Insight Science: The Next Frontier
Although many hours were spent after school lounging on an olive-green shag rug watching Star Trek with my brother, I am not a Trekkie. Spock, with his elf-like ears, produced data and facts like modern business intelligence machines do today. Captain Kirk processed the data, facts, and information from the crew to build strategies for defense, attack, and survival, depending on the episode’s adventure.
“Sometimes a feeling is all humans have to go on.”
– Captain Kirk
He had a way to merge data with his experiences, his intelligence, and the emotions of the situation to see into the gaps, understand risks, and look beyond what was right in front of him. He was the television portrayal of insight.
Sarah DaVanzo recently published Insights About Insights, a study informing us how current business environments are leading to a new field called Insight Science, or “the systematic study of insights and insighting to codify knowledge, through data-gathering experiments and exploration for the collective advancement of the insights field.”1 Sarah is a futurist whose international career has spanned innovation, marketing, trends and culture, insights, and foresight. I had the pleasure of being interviewed by Sarah for this study and wanted to share some highlights with you.
Given Toffler Associates’ recent client work focused on technology horizon scanning and Alternative Futures® Scenario Planning for innovation, I found this study to be particularly relevant.
How is your team structured and rewarded to promote insightfulness?
“Insightfulness begets insight.”2
In the study, insight is defined as “Seeing what is hidden and not obvious or easily perceived and understood. Insight is understanding inner workings and underlying dynamics.”3
In the right environment, with a team that nurtures insightfulness, more will emerge. Like creativity, gratefulness, and mindfulness, the more you practice, the more natural it becomes.
How are you building and contributing to a more cognitively diverse and unbiased team?
“Diversity fuels insightfulness.”4
We have different life experiences that we bring into the workplace. Those experiences, in turn, influence our thinking. When Toffler Associates conducts research, we are intentional about tracking the diversity (geographical, age/generational, educational, gender, race, etc.) to mitigate biases in the findings and identify assumptions and blind spots. Low cognitive diversity makes insights susceptible to bias.
How do leaders cultivate curiosity in the team and find balance with productivity?
According to the study, the most important trait contributing to insight is curiosity. 70% of respondents believe curious people are more insightful. This finding may not be a surprise to all, but it is a trait I often see lacking in organizations. Teams are so focused on getting work done, they have no space to ask questions or think about why or what they are doing. The act of doing creates focus and productivity, but it also distracts from creativity and curiosity. There is a time for both and depending on the role, job, or mission, the balance may be defined differently.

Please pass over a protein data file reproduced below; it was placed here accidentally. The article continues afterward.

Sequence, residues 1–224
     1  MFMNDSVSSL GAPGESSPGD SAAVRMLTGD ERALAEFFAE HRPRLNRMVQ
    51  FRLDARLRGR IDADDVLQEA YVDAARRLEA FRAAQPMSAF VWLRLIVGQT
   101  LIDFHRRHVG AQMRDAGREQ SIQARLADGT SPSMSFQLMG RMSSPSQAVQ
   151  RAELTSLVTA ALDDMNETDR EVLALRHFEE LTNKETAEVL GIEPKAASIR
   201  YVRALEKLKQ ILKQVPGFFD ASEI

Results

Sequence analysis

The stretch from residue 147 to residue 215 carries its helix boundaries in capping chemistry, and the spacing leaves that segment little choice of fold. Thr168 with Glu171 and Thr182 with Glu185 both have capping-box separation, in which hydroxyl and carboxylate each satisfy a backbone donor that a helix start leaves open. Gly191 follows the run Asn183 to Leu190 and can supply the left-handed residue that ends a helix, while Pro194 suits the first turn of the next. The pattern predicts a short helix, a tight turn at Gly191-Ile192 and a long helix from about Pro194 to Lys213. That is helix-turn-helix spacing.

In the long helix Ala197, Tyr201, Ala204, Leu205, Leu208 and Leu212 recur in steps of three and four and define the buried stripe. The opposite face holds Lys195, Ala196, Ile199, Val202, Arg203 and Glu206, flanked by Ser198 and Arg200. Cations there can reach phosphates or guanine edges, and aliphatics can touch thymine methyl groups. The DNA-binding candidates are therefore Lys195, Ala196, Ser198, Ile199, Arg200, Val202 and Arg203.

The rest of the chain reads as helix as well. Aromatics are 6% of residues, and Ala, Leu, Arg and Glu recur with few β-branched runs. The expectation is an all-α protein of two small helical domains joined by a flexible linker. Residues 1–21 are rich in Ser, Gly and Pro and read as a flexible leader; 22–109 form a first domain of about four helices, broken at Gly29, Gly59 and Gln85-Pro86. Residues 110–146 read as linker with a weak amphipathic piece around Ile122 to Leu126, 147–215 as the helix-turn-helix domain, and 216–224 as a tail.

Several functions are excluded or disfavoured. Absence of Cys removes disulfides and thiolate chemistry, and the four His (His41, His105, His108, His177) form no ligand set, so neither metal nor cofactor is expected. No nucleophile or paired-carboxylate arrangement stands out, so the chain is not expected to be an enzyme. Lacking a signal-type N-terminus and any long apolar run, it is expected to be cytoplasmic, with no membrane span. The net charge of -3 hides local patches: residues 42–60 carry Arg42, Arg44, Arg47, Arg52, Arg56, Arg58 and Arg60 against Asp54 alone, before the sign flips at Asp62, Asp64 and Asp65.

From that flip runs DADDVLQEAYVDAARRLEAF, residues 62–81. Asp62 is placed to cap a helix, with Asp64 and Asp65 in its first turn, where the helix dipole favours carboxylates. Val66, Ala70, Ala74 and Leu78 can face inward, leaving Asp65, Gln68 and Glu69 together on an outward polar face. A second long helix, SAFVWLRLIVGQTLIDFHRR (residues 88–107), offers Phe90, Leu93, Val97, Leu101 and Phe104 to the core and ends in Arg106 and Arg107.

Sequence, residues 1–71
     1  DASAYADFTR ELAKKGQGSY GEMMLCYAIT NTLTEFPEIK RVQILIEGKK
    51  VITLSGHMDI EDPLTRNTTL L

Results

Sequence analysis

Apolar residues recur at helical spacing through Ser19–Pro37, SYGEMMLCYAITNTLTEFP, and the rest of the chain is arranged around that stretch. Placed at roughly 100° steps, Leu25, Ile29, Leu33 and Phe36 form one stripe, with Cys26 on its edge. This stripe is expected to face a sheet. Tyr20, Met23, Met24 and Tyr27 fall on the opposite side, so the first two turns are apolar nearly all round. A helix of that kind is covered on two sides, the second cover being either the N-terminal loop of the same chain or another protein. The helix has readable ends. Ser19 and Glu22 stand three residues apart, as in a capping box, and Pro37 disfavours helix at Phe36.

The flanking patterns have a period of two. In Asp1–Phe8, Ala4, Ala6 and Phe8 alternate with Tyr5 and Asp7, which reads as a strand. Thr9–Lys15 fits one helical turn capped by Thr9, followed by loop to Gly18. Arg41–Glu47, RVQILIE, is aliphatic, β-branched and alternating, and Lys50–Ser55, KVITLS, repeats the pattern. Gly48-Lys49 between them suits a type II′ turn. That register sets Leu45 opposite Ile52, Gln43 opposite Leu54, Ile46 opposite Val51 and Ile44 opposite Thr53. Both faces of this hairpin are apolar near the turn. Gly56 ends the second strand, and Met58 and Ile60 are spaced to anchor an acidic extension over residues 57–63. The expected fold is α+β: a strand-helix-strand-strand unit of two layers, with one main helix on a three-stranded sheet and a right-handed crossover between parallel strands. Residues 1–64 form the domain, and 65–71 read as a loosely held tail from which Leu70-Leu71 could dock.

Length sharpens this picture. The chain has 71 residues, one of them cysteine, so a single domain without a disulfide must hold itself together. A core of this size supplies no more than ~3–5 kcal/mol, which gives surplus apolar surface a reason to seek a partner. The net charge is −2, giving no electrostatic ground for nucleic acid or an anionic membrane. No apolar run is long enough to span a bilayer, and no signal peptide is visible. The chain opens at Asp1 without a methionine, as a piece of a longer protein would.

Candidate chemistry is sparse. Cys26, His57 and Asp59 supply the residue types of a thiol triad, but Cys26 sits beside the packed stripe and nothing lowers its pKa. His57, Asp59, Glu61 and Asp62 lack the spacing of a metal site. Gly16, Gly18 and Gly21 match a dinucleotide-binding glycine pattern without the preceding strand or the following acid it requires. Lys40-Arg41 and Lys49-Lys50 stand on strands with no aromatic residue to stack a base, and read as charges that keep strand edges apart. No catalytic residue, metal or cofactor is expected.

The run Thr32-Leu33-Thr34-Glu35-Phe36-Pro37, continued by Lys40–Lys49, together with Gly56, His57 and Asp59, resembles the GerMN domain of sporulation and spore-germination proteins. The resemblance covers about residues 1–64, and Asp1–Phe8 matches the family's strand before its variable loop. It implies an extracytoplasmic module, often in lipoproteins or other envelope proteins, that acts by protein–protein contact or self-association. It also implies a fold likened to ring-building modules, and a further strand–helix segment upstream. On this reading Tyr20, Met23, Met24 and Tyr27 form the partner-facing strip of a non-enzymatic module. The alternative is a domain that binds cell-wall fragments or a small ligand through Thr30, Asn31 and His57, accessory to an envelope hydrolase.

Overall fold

How will leaders learn from younger talent?
“Culture is the space between the dots.”5
Many industrialized organizations are structured to execute processes and have not embraced the Third Wave (the post-industrialized society sometimes referred to as the information age).
Hierarchy and politics stimulate biases and assumptions which prevent the natural process of being curious which is to ask questions and then ask more questions.
As DaVanzo explains, “It appears that head-games kill insight discovery. But, given the Pareto Curve, if these head-games are addressed insight discovery can be improved by 60%.”6
Looking ahead to the future workforce and leaders, digital natives are entering the workplace, and they expect a more agile environment and structure. They have been reared to question everything. As a leader, this may feel like it is slowing the process, but it may also stimulate the curiosity of the team if there is space for it. Digital natives may also be more likely to believe that data and a digitized world adequately reflect the messy, analog world we live in which makes them less likely to tap into instinct, gut feelings, wisdom, or experience (or, worse, discount those things).
“The internal factors that contribute to discovering insights fall into two categories: mindsets and skillsets.”7
There is reason to be optimistic – our leaders can learn and influence an organization’s ability to be more insightful – “65% of respondents believe insightfulness is a learned, teachable skill” and “43% believe insight comes from those who are engaged.”8
Cultivating a climate of openness, where any and all questions are encouraged is required. Not all leaders will embrace this because it is not what they experienced. Or, they might not value the questions of others. For the leaders who make a daily effort to model the behavior and engage the team in this way, they will see the results of greater insight emerge.
In the words of Captain Kirk, “There’s no such thing as the unknown, only things temporarily hidden.”
Toffler Associates helps organizations drive curiosity and understand the unknowns by prompting imaginations and bringing foresight expertise into innovation and strategic exercises. Although the unknown may be stressful, asking questions, conducting tabletop exercises, and exploring what we don’t know will surface what is temporarily hidden.
1-9Sarah Davanzo. “Insights About Insight.” 2020.